Buckaroo Banzai comes at you all at once and never slows down, producing a wild ride, filled with great lines and snappy dialogue.  However, it also quickly establishes it’s characters, so we come to care about them as people, as the film zips along at warp speed and then some.  If you have never seen this movie before – I highly, highly recommend watching it at least twice in order to figure out what is going on.

The crawl at the beginning of the film attempts to explain part of what’s going on and introduces some of  the humor of the movie, mentioning that Buckaroo, with an American father and Japanese mother — was “brought into life the way he was destined to live it – going several directions at once.”  It also mentions those “hard rocking scientists – the Hong Kong Cavaliers”, Buckaroo’s friends who have just sort of drifted into his circle.  And in the movie – he picks up a couple of new followers.

The opening of the film attempts to introduce the many sides of Buckaroo — brilliant neuro-surgeon (Jeff Goldblum gets some great lines in that scene so watch closely), experimental scientist and physicist, head of a rock band, and founder of the Banzai Institute.  He’s also an incredibly sensitive man, able to pick out a girl crying in a crowded audience while on stage playing jazzy rock music.

However, the majority of the plot involves the 1938 Radio Broadcast of “War of the Worlds” by Orson Welles – the one that panicked the country, when people believed it was real.  This movie posits – What if  it was real?  But the aliens weren’t from Mars, but rather trapped in a prison called the 8th Dimension, an inter-spatial place between the tiny particles of matter.  That is, matter is mostly empty space, so Banzai is attempting to prove it is possible to cross inside it.  An earlier experiment into the 8th Dimension had released several aliens from this prison.  When Banzai’s experiment opens the Dimension again, more aliens from the Planet 10 arrive to cause World War III – if Whorfin (formerly imprisoned in the 8th Dimension) isn’t stopped.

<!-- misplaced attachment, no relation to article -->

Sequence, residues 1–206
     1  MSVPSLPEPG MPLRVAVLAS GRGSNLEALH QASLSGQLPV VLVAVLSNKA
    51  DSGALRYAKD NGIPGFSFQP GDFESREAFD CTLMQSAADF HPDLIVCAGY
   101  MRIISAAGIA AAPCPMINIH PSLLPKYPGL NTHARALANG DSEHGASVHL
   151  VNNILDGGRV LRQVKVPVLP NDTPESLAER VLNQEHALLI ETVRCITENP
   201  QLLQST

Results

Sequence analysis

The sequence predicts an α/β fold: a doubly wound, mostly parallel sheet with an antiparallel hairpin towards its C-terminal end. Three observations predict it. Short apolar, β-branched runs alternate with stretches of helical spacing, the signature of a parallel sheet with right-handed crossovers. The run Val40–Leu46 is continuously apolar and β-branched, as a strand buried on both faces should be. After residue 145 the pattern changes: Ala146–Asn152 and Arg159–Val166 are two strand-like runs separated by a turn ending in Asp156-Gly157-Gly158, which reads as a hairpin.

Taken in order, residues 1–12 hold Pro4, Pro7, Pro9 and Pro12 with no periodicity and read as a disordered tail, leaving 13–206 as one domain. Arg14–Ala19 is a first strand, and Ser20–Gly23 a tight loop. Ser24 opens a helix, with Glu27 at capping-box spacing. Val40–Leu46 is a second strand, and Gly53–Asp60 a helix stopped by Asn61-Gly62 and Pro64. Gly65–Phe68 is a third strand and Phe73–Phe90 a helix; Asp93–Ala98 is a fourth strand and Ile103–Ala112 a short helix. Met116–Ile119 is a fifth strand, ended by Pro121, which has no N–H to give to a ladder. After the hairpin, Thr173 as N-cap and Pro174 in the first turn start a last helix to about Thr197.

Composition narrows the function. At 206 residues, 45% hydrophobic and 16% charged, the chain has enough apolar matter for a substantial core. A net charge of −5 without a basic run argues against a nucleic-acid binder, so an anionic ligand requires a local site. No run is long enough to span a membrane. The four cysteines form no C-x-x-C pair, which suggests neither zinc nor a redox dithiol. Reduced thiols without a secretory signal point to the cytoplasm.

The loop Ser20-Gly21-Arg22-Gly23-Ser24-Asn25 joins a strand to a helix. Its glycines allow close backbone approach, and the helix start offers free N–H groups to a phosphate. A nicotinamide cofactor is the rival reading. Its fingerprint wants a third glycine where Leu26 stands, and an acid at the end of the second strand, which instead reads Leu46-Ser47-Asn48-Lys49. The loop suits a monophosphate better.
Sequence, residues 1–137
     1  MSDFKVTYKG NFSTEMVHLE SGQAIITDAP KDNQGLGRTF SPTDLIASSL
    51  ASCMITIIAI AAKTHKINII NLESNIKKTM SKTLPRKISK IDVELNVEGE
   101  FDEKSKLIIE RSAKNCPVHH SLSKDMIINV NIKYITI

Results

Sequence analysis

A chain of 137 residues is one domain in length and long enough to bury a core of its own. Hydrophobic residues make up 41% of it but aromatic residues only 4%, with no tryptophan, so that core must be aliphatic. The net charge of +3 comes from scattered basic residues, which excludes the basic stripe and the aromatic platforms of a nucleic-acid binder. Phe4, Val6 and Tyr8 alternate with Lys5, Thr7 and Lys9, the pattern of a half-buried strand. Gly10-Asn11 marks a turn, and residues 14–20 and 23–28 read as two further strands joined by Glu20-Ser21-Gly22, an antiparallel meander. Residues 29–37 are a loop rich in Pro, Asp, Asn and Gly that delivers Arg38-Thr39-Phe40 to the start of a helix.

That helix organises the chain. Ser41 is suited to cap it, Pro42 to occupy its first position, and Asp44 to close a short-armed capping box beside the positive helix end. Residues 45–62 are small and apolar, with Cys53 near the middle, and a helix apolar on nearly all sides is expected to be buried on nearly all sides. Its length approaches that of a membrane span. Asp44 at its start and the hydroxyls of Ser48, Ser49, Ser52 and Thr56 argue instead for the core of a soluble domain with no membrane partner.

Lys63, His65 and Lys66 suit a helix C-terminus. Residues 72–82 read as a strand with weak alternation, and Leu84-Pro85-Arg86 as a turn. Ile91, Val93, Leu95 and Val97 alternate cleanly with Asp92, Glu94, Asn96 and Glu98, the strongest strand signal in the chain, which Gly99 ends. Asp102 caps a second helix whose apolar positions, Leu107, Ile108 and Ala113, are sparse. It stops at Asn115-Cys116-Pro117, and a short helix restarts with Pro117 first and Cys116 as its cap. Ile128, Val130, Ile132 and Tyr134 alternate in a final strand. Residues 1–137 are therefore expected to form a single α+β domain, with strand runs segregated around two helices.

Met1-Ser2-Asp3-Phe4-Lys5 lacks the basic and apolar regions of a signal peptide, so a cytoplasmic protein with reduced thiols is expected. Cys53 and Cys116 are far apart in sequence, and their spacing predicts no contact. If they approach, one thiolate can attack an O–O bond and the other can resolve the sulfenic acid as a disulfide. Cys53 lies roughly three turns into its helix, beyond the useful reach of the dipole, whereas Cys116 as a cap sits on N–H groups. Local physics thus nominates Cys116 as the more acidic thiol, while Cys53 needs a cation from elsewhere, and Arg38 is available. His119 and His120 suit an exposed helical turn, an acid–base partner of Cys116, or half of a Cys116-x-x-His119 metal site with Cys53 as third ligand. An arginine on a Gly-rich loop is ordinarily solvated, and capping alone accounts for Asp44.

But that really simplifies this brilliant movie.  There are many extremely likable aspects to the film — a brilliant cast; the idea that the film treats it’s audience as intelligent and just drops one into the middle of events, trusting the audience can figure it out without spoon-feeding information; some truly brilliant, funny lines; a rip-roaring, fast-moving fun plot; great characters.  In many ways, it has everything.

By the bye – the sound design in this film is also notable.  Pay attention to the background announcements in the scene when Whorfin escapes from a mental hospital (Whorfin is inhabiting the body of Dr. Emilio Lazardo) or in the scenes at YoYoDyne Propulsion Systems.

Recommendation:  Run don’t walk to the nearest rental store or Netflix and get a copy of the film.
Rating: 5 of 5 Stars
Next Film:  The Adventures of  Robin Hood

9 to 5

  • Title:  9 to 5
  • Director:  Colin Higgins
  • Date:  1980
  • Studio:  20th Century Fox
  • Cast:  Jane Fonda, Dolly Parton, Lily Tomlin, Dabney Coleman
  • Genre:  Comedy
  • Format:  Color, Widescreen
  • DVD Format:  Region 1, NTSC

Another bought it for a bargain price DVD, and I wasn’t sure how well it would stand up. However, this movie is still quite, quite funny. The comedy really comes from the characters, and expresses how three different women attempt to deal with the world’s worst boss — eventually getting even, as well as improving the lives of everyone in their office.

The characters are:  Violet, the hard-working secretary played to perfection by Lily Tomlin. She’s a widow with four kids and has been at Consolidated the longest, 12 years, and has applied for promotion.

Doralee, played by Dolly Parton, the boss Frank Hart’s (Dabney Coleman) vivacious secretary, who despite her good looks and skin-tight sweaters and dresses is loyal to her husband.